FCA will charge 8% interest on late payments
Israeli businessman Shay Jacob Reches has until 1 February 2020 to pay the £13.1m he has pledged to failed insurers Millburn, Balva and European Risk Insurance Company (ERIC).
He will be charged interest of 8% on any amount outstanding after this deadline, the FCA said.
The FCA yesterday fined Reches £1.05m for his role in the three insurers’ collapse and has held him to his pledge to pay the £13.1m as an additional penalty. If he fails to pay any of the £13.1m, any outstanding amount will be added to his main fine.
The FCA has also set a series of deadlines for the payment of the main £1.05m fine.
He has to pay equal instalments of £37,500 on or before 14 March 2016, 14 June 2016, 14 September 2016 and 14 December 2016; instalments of £75,000 on or before 14 March 2017, 14 June 2017, 14 September 2017 and 14 December 2017; and instalments of £150,000 on or before 14 March 2018, 14 June 2018, 14 September 2018 and 14 December 2018.
Late payments of these amounts will also attract 8% interest.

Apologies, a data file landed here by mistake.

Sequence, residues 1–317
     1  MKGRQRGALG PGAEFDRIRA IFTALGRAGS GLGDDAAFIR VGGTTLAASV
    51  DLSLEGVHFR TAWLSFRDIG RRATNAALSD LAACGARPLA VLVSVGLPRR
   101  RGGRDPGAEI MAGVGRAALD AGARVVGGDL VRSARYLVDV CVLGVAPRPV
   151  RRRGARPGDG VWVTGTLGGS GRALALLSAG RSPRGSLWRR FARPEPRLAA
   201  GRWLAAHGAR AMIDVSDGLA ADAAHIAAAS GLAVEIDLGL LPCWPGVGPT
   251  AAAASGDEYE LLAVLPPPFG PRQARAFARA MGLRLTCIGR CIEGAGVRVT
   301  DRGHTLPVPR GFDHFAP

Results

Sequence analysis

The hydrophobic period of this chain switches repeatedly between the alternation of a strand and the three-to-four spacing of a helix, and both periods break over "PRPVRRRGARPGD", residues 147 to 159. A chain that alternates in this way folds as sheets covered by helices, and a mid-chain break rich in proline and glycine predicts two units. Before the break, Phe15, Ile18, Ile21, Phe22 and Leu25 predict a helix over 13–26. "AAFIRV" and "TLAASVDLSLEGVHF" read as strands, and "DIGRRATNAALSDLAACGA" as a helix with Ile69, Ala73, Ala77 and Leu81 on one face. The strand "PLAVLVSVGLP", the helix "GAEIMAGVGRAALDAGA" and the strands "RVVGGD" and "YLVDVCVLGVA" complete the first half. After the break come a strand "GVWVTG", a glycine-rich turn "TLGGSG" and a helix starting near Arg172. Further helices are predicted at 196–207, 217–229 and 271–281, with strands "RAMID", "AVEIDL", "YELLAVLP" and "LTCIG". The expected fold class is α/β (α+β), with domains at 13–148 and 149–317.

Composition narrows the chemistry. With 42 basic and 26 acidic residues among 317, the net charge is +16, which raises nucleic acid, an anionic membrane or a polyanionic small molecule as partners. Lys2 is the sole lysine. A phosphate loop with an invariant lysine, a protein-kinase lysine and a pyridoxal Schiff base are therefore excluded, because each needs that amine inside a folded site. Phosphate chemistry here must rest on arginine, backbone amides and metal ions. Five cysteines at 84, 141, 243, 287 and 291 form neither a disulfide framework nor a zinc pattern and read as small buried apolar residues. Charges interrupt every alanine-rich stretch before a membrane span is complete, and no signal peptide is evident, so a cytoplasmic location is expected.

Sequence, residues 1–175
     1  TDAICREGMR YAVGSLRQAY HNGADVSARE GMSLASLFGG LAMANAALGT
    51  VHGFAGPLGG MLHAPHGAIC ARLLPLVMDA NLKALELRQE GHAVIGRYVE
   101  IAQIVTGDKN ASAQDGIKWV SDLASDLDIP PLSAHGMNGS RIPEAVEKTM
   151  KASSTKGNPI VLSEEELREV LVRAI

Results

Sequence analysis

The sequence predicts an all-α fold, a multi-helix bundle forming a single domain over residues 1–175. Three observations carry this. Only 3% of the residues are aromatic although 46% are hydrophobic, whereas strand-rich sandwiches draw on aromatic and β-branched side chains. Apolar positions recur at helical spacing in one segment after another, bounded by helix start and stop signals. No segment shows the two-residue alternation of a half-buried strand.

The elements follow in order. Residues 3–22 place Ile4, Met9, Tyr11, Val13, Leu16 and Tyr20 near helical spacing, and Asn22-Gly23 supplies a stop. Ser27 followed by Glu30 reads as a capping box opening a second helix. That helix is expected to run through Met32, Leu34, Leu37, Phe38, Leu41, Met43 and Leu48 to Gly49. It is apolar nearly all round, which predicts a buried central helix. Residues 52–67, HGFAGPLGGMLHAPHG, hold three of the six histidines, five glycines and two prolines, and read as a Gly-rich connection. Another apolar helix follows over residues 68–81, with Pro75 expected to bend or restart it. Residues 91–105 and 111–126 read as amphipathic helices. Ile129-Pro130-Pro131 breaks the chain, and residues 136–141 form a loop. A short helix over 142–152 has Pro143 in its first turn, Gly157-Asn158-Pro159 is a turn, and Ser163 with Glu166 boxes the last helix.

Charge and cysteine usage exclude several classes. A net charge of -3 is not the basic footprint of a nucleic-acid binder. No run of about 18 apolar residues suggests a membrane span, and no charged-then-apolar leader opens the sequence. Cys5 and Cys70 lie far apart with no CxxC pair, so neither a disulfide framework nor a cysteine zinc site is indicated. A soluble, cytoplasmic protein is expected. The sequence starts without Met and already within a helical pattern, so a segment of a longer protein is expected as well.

The FCA accused Reches, who controlled an MGA writing solicitors’ professional indemnity (PI) and other business on behalf of the insurers, of “recklessly” directing premiums to “a variety of third parties”, leaving the companies with insufficient funds to meet claims.
Reches also controlled one of the companies’ reinsurers, Sinclair Insurance Company, which the FCA said had failed to cover all of its reinsurance claims.
The FCA also accused Reches of carrying out a controlled function without regulatory approval. The regulator said it is the first time it has fined somebody for undertaking FCA-regulated activities without approval.
In addition to Reches, the FCA fined Millburn chief executive Colin McIntosh £51,600, UK broker Coverall director Robert Bygrave £37,400, Coverall director Andrea Sadler £18,700 and solicitors’ PUI broker Bar Professions chief executive Wayne Redgrave (£38,600).
It additionally fined Millburn £1.1m and Coverall £36,800, and publicly censured Bar Professions.
The fines totalled £15.5m.